µ

¶ φx Itx = Λt +1 x Kt−1 µ ¶ φm Itm = Λt +1 m Kt−1

In the steady state, of course, the investment/capital ratio is equal to the rate of depreciation for each sector. Thus, the steady state value of Q for each sector is given by the following expressions: 9

(28) (29)

x

Qt = Λ (φx δ x + 1) m Qt = Λ (φm δm + 1) where Λ = U 0 (C). The solution of the model, discussed below, involves finding decision rules for Ct , St , Qxt , and Qm t so that the Euler equation errors given in equations (23) through (29) are minimized. Given that we wish to impose nonnegativity constraints on Ct , St , Itx ,Itm , we specify decision rules for these variables and solve for the implied values of Qxt , Qm t . 2.1.5

Exchange rate pass-through and stickiness

The price of export goods is determined exogenously for a small open economy (P x∗ ) and its price in domestic currency is P x = SP x∗ . The price of import goods is also determined exogenously for a small open economy P m∗ , but, we assume that price changes are incompletely passed-through (see Campa and Goldberg (2002) for a study on exchange rate pass-through and import prices). Using the definition: P m = SP m∗ and assuming partial adjustment, we obtain: m∗ m pm t = ω(st + pt ) + (1 − ω)pt−1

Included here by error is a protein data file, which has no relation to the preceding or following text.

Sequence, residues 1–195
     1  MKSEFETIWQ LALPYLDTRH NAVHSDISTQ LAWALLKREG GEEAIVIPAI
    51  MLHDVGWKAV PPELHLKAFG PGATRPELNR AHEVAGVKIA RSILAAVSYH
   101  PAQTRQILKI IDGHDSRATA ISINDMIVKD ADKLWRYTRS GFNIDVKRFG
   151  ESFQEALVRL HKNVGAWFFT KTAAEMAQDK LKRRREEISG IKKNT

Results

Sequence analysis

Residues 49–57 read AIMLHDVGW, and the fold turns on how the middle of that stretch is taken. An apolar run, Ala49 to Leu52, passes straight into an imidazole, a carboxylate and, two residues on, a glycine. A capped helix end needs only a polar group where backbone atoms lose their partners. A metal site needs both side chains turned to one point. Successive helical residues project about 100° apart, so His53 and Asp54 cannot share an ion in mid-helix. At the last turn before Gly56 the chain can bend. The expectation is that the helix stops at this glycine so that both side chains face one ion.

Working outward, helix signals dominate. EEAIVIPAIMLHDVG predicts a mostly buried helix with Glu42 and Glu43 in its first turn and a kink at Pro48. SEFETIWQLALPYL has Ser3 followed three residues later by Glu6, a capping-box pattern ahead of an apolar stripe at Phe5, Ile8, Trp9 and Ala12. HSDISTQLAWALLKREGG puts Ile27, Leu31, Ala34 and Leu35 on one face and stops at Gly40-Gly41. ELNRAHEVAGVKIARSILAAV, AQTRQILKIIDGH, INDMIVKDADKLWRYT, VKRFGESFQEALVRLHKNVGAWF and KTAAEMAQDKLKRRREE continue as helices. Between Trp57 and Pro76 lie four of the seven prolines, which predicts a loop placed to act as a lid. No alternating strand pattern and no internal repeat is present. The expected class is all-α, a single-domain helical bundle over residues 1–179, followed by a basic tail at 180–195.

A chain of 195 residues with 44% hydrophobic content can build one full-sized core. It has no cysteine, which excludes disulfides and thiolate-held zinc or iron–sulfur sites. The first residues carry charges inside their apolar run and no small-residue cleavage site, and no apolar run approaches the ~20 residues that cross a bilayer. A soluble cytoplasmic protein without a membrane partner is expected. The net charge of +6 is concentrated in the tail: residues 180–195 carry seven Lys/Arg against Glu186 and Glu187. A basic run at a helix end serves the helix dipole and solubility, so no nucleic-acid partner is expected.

(30)

where ω = 1 indicates complete pass-through of foreign price changes. For completeness, the index of foreign price Ptf and the index of aggregate price Pt are: Ptf = (1 − αx )αx −1 (αx )−αx (Ptx )αx (Ptm )1−αx ³ ´αf (Ptn )(1−αf ) Pt = (1 − αf )αf −1 (αf )−αf Ptf 2.1.6

(31) (32)

Macroeconomic Identities

The market clearing conditions are: ¶ µ φx x 2 x = (Ctx + Xt + Itx ) Yt − (I ) 2Ktx t ¶ µ φm m 2 m = (Ctm − Mt + Itm ) (I ) Yt − m t 2Kt Ytn = Ctn + Gt

(33)

Real gross domestic product is given as: ∙ µ ¶ µ ¶ ¸ 1 φx x 2 φm m 2 x x m m n n y= P Yt − (34) (I ) + Pt Yt − (I ) + Pt Yt Pt t 2Ktx t 2Ktm t 10

2.2

Terms of Trade

The only shocks explored in this paper comes from the terms of trade. Specifically: x∗ x∗ + εx∗ ; px∗ εx∗ t = 0.9pt−1 + 0.1p t t ∼ N(0, 0.01)